Labour is choosing to attack today’s VAT rise as “the wrong tax at the wrong time”. I’m not so sure. It seems to me that stealth tax rises, such as on public transport, are far less fair.
Pre-empting arguments over the figure, Labour are cunningly pointing out that the Lib Dems claimed during the General Election that the VAT rise would cost “the average household” £7.50 a week.
Curious. £7.50 extra VAT a week at 2.5% implies £300 of spending that qualifies for the tax – that is, £300 of spending that doesn’t include mortgage or rent, food, children’s clothes, books or newspapers, lottery tickets, gas, water, electricity, public transport or Council Tax. Difficult to manage on an income of ~£30K, that is, a weekly spend of ~£600, I’d have thought.
On the other hand, multiplying £7.50 by 52 weeks and the ~20m households in the UK gives around £7.5bn, which does seem about right. I suspect VAT is in fact a progressive tax. The wealthy spend proportionately more on the sort of things that qualify – restaurant meals, expensive booze, nibbles and confectionery, new cars, designer gear and other big-ticket items. The poorest – getting by on Tesco bogoffs, saving up for the odd bus ticket, buying all their clothes from charity shops and so on – must have eff all VAT-qualifying expenditure.
I strongly suspect that this is a case where Mr & Mrs Average do not in fact actually exist.
Maybe Labour would gain more votes by instead pointing out what appears to have been another case of dissembling during the election campaign by those (allegedly) lying liar Liberals.
Or perhaps they could have focussed instead on the increases in public transport costs which are in many cases seriously regressive.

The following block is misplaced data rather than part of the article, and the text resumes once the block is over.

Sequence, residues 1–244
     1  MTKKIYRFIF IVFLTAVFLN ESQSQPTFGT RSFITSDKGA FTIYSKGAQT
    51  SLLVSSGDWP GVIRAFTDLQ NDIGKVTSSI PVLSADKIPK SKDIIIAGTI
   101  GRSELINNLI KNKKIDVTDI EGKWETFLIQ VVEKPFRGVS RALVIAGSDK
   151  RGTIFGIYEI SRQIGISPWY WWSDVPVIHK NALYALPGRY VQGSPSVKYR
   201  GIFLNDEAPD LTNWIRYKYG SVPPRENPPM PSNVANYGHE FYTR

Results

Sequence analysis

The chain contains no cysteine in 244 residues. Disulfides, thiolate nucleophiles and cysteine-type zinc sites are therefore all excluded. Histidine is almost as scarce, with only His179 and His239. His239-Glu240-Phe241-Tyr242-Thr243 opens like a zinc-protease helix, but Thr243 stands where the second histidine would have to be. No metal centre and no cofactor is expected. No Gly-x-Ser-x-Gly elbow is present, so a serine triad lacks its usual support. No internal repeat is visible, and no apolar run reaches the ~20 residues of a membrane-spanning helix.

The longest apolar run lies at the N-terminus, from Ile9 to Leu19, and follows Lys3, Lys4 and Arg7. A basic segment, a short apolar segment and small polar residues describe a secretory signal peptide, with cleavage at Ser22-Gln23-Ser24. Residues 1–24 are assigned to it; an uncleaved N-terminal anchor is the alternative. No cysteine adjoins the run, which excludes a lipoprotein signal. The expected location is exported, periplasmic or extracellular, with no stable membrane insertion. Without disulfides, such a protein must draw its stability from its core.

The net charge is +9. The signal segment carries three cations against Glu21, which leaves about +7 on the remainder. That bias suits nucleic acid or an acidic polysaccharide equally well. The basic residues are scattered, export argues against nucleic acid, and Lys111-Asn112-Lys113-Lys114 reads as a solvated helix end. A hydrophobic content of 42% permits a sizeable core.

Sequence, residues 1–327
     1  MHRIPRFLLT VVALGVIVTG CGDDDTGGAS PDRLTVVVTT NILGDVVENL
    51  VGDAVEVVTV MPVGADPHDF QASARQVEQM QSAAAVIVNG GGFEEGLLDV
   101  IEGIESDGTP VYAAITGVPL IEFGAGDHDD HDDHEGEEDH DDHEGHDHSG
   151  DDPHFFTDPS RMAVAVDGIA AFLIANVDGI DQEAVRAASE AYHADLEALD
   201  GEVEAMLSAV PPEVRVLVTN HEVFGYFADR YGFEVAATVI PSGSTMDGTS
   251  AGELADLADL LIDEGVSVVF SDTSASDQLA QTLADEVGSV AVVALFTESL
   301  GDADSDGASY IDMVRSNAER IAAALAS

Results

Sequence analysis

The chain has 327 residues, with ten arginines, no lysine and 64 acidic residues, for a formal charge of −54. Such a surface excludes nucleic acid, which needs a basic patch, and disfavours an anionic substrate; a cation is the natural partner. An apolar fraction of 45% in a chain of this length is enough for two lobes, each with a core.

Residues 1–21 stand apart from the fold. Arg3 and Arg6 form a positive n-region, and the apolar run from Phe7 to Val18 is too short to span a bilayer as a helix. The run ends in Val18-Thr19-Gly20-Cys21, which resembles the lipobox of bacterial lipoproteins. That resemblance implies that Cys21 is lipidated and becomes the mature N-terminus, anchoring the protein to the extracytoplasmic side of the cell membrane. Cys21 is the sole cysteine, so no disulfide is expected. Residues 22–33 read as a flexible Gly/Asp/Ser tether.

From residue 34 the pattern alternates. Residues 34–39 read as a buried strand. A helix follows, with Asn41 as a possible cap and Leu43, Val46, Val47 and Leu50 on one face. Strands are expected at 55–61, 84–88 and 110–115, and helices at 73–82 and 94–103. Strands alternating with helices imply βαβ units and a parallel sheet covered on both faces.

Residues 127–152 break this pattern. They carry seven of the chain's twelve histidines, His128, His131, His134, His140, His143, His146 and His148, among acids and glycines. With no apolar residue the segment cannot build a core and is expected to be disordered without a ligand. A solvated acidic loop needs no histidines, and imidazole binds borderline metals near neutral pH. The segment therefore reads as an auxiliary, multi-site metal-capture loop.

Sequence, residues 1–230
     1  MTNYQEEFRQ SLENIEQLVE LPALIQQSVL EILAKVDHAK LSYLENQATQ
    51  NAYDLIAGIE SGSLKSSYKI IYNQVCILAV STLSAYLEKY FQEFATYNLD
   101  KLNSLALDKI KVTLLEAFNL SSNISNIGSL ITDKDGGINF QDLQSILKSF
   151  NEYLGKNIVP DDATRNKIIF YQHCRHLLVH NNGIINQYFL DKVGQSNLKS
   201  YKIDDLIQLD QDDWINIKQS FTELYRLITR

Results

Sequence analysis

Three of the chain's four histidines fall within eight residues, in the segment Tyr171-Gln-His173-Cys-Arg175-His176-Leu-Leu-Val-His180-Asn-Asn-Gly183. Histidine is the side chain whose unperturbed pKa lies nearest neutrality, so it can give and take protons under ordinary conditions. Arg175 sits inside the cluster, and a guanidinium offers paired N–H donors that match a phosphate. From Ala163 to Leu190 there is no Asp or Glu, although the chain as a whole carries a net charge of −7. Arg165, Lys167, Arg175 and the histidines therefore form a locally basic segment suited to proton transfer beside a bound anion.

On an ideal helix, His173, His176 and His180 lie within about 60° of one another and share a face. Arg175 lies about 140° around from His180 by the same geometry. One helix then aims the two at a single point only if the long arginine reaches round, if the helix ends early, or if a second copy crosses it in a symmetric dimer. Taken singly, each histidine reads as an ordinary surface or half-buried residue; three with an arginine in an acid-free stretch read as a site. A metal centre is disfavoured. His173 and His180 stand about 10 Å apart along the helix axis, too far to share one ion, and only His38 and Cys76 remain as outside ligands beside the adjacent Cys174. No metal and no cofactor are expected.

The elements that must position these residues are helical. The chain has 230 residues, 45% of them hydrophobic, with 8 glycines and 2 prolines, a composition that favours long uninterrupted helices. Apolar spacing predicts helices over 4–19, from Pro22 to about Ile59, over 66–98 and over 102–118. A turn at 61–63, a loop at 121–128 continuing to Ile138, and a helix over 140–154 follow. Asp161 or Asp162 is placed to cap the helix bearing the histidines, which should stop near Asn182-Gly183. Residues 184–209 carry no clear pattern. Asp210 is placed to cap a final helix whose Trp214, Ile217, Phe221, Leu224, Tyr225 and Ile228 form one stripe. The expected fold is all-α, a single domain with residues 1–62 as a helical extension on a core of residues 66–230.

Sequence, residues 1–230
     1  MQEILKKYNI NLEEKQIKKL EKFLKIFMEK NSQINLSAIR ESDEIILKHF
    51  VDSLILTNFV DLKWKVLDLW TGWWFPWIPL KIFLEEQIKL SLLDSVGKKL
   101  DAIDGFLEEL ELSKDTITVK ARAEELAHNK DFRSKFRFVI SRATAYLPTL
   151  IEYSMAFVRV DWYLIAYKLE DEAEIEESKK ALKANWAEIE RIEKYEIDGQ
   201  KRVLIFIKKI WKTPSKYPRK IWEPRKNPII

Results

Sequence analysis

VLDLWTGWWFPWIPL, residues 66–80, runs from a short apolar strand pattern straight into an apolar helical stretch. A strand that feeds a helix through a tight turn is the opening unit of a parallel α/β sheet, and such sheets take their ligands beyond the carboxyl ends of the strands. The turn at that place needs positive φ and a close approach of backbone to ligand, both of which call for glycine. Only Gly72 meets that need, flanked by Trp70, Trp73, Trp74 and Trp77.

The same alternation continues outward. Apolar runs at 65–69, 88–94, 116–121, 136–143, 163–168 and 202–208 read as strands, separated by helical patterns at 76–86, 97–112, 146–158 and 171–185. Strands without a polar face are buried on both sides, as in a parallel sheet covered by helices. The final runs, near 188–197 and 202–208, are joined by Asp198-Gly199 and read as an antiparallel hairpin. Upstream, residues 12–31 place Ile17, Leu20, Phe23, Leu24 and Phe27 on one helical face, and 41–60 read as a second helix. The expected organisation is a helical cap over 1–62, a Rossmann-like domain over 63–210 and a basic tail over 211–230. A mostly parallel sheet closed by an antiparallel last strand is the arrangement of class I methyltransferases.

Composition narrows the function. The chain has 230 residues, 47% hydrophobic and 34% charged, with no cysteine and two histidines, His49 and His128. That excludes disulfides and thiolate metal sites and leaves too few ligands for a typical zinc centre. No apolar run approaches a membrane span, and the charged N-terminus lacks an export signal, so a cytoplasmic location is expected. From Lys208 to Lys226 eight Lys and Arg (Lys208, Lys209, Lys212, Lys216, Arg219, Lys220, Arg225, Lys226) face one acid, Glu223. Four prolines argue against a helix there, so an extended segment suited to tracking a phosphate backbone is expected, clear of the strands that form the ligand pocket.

Take the Zone 1-4 Travelcard (and daily Oyster limit) which will affect those working in the centre of London. It’s rising from £6.30 to £7.30, off-peak, that is, by nearly 16%, not the 11% the BBC calculates, bless. What’s more, if you happen to live near muggins here in zone 3, the peak Travelcard/Oyster limit has increased from £8.60 to £10 – that’s over 16% even if you’re the BBC – to match the unchanged rate for zone 4.
Curiously, bargain of the year for 2011 is the 7-day zone 1-3 Travelcard which remains less than that for zones 1-4 at £32.20 against £30.20 last year, a mere 6.6% increase. This could now pay for itself in 32.20/10.00 = 3.22 days, against 30.20/8.60 = 3.51 days last time out. Even off-peak it’s worth considering at 32.20/7.30 = 4.41 against 30.20/6.30 = 4.79 days. More realistically a mix of peak and off-peak travel into London over 4 days (2*£10.00 + 2*£7.30 = £34.60) would justify buying the Travelcard for £32.20 whereas last year you were much more likely to need to travel on 5 days (2*£8.60 + 2*£6.30 = only £29.80, still less than a £30.20 Travelcard). Where’s the logic in that?
Having to decide in advance whether to invest in a weekly Travelcard is an unnecessary irritation, since the system could cap weekly expenditure in the same way as daily. I understand TfL’s IT experts will get round to doing this by around 2013.
Hours of amusement, perhaps, though maybe deadly serious if, like me, you fall into the category of zone 3 residents who travel into London on an irregular basis. A category that is being seriously screwed by the latest fare rises.